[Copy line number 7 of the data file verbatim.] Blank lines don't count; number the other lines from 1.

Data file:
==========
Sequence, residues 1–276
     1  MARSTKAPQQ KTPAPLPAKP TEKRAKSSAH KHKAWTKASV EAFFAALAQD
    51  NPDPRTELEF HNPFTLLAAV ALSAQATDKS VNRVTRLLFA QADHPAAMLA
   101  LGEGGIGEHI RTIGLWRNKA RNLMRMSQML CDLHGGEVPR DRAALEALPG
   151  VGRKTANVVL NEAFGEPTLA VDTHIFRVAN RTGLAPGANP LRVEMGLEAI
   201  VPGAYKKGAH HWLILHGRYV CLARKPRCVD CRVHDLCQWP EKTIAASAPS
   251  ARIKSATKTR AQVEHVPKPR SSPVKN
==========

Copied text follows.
   251  ARIKSATKTR AQVEHVPKPR SSPVKN